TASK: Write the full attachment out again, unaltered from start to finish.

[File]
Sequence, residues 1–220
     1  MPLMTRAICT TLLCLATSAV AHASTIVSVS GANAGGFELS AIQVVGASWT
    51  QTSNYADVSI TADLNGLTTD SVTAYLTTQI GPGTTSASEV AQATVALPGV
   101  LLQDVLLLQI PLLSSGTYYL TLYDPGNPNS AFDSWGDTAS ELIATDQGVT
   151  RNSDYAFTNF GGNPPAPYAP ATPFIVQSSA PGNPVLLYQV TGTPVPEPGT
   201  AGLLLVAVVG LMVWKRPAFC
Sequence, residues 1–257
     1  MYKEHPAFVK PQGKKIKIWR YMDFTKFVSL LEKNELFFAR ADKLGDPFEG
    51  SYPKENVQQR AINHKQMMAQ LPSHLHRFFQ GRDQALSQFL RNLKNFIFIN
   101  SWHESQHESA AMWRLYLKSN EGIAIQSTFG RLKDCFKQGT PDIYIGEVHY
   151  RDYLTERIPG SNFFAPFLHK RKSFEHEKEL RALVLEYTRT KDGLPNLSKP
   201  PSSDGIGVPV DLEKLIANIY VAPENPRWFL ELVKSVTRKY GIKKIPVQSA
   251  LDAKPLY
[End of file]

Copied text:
Sequence, residues 1–220
     1  MPLMTRAICT TLLCLATSAV AHASTIVSVS GANAGGFELS AIQVVGASWT
    51  QTSNYADVSI TADLNGLTTD SVTAYLTTQI GPGTTSASEV AQATVALPGV
   101  LLQDVLLLQI PLLSSGTYYL TLYDPGNPNS AFDSWGDTAS ELIATDQGVT
   151  RNSDYAFTNF GGNPPAPYAP ATPFIVQSSA PGNPVLLYQV TGTPVPEPGT
   201  AGLLLVAVVG LMVWKRPAFC
Sequence, residues 1–257
     1  MYKEHPAFVK PQGKKIKIWR YMDFTKFVSL LEKNELFFAR ADKLGDPFEG
    51  SYPKENVQQR AINHKQMMAQ LPSHLHRFFQ GRDQALSQFL RNLKNFIFIN
   101  SWHESQHESA AMWRLYLKSN EGIAIQSTFG RLKDCFKQGT PDIYIGEVHY
   151  RDYLTERIPG SNFFAPFLHK RKSFEHEKEL RALVLEYTRT KDGLPNLSKP
   201  PSSDGIGVPV DLEKLIANIY VAPENPRWFL ELVKSVTRKY GIKKIPVQSA
   251  LDAKPLY